Disappearing act

Tim O'Brien's "In the Lake of the Woods" (1994) is a murder mystery. Maybe.

It's also so hypnotic and compelling that I read the whole 300-page book yesterday morning -- the first time in ages that I've read straight through a novel.

In it, a guy running for U.S. senator gets stomped after the media learn that he'd witnessed an atrocity in Vietnam back in 1968. He never told anyone about it, including his wife. He'd even gone to some lengths to erase the fact that he'd ever been there.

He and his wife retreat to a cabin at the Lake of the Woods in northern Minnesota after the election, in an attempt to repair their marriage.

That's where the murder happens. Maybe.

O'Brien's pretty tricky about this from the start. "Maybe" is the word used most often in the novel, and most of the last half of the book is purely speculative -- what may have happened to the guy and his wife at the cabin in the woods, and after.

The only problem is that the murder scene is much more compelling and believable than the other chapters that speculate about what happened to the man and his wife, both of whom end up disappearing.

I never doubted for a second that the wife was murdered. The husband does, though -- at one point he dives into the lake to search for her ... but he looks in the wrong place, and some part of him must realize this. Then he pulls his own disappearing act.

In terms of its grip on the reader, this is one of the best Vietnam-aftermath novels I've ever read -- right up there with Peter Straub's "Koko." O'Brien not only gets inside his characters, he also reminds us that human motivation is often a complete mystery -- just as Straub often does.

But if you're looking for a novel where everything is resolved, and all your questions are answered at the end, you won't find that here. As O'Brien reminds us, sometimes the mystery at the heart of the story is what keeps us interested.

I have two other O'Brien novels in the house -- the Vietnam novels "The Things They Carried" and "Going After Cacciato." I'll be checking them out.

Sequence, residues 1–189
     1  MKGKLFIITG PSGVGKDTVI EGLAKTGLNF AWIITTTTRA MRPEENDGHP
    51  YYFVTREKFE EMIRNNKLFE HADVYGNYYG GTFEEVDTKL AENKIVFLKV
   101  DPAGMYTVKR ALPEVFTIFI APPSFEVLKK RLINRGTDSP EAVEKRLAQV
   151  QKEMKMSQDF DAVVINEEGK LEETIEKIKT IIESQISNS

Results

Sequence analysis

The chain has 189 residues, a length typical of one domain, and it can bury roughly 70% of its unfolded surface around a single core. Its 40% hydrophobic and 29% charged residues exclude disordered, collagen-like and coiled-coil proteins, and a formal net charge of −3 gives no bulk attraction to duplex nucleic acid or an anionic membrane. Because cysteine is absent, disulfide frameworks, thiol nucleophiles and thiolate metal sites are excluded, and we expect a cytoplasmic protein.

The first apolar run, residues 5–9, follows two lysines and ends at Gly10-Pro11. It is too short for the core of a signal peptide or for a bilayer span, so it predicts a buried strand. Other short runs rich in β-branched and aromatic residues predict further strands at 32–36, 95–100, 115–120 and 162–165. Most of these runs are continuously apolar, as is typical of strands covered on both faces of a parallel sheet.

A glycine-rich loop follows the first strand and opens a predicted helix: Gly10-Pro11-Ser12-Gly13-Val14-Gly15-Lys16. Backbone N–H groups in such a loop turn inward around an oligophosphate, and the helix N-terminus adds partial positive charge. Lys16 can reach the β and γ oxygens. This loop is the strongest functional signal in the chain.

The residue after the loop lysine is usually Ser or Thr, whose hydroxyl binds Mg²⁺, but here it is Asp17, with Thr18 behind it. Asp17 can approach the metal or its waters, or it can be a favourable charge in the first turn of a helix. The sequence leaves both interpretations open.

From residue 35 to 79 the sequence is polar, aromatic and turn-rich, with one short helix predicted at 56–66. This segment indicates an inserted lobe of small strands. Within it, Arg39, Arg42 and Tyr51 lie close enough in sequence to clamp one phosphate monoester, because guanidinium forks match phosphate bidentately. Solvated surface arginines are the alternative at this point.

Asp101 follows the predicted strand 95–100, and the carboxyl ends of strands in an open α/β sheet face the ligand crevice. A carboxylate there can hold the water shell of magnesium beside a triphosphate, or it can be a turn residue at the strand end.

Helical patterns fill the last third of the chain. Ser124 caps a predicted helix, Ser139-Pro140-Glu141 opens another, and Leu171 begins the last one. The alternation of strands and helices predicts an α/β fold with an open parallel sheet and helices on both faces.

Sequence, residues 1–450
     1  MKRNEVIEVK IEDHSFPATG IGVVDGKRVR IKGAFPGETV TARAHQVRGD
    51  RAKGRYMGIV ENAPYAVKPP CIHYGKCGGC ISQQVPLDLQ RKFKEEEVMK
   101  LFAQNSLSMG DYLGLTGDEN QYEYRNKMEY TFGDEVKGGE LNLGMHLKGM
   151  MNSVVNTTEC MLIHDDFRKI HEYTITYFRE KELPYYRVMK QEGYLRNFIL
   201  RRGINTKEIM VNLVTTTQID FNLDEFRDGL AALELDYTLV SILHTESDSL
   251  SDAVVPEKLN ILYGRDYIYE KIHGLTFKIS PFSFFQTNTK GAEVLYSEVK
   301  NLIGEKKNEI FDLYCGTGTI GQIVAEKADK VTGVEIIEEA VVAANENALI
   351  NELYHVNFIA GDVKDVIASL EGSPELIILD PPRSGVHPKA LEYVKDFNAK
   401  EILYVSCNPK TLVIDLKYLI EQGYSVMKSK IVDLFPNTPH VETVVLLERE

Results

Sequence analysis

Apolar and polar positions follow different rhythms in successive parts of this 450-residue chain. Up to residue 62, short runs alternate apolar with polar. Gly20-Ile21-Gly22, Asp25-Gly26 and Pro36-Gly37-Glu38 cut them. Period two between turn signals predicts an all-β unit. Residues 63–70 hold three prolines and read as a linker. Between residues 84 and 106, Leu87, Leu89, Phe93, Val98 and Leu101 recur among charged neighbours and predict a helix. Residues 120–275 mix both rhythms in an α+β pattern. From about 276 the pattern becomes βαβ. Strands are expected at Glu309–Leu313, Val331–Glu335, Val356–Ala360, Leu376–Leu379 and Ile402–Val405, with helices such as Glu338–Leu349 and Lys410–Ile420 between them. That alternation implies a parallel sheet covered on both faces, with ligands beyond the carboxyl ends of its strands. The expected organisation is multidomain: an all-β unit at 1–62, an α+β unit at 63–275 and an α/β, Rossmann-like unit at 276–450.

Thursday, October 7, 2021

Recently read and heard

Before we go any further, here's a list of new-to-me stuff I've been reading and listening to lately. This list covers my music and book intake back to June. Funny, I thought there was more:


* Paul Theroux -- Figures in a Landscape. Theroux's third collection of essays, covering everything from a profile of Robin Williams to slabs of family history and autobiography. Theroux claims he'll never write a full autobiography or memoir, but he's already written at least one -- the brilliant history of a friendship "Sir Vidia's Shadow."

* The Best of Rolling Stone. This 400-page collection of nonfiction pieces was originally published as a special issue of the magazine back in 1992. There's some great stuff here (all cut for space), but the writers' introductions are the best part. Daisann McLane's awesome "The Girl in the Tweed Jacket" is maybe the best, most personal peek behind the scenes, but I wish McLane's wonderful 1979 portrait of Fleetwood Mac, "Five Not-So-Easy Pieces," had been included.

* Gene Sculatti and others -- The 100 Best-Selling Albums of the '60s/'70s/'80s/90s. Dull, unsurprising and full of errors, this low-budget rush-job series was a big disappointment. The only surprises come from learning what kind of crap music most people buy. Gene Sculatti's a good rock critic, but the editors gave him no room to write, and the editing and proofreading are hideous. Avoid.

* Michael Lesy -- Wisconsin Death Trip, The Forbidden Zone. "Forbidden Zone" is about people who deal with death every day -- homicide detectives, undertakers, pathologists, etc. Some of them are such odd characters that they deserved to be in a book. "Wisconsin Death Trip" is about what happened in a small rural Wisconsin town between 1890 and 1910, when an agricultural failure and depression followed outbreaks of diphtheria, dysentery, smallpox and more. People went crazy. Eerie, odd, depressing, one of a kind.

* David Leigh and Luke Harding -- WikiLeaks. Covers the frantic early days of the WikiLeaks classified-information-leak site, but for the rest of the story you'll have to consult Wikipedia.

* Judy Pasternak -- Yellow Dirt. Follows what happens when Navajos start mining uranium on their reservation in Arizona, and the U.S. government stonewalls the tribe about the effects of uranium exposure and radiation for the next 60 years....

* Barbara Moran -- The Day We Lost the H-Bomb. Recounts how the U.S. Air Force accidentally dropped three unactivated atomic bombs on a small town in southern Spain back in 1966. A fourth bomb fell into the Mediterranean Sea and took two months to find.

* Nicholas A. Basbane -- A Gentle Madness. About *extreme* book-collectors. One great long chapter is about a man who stole more than 5,000 rare books from libraries and universities over a 20-year period. Most of the schools never realized the books were missing.

* Six science fiction writers -- Hell's Cartographers. Writers like Robert Silverberg, Frederik Pohl, Brian Aldiss and Alfred Bester talk about what got them hooked on reading and writing science fiction.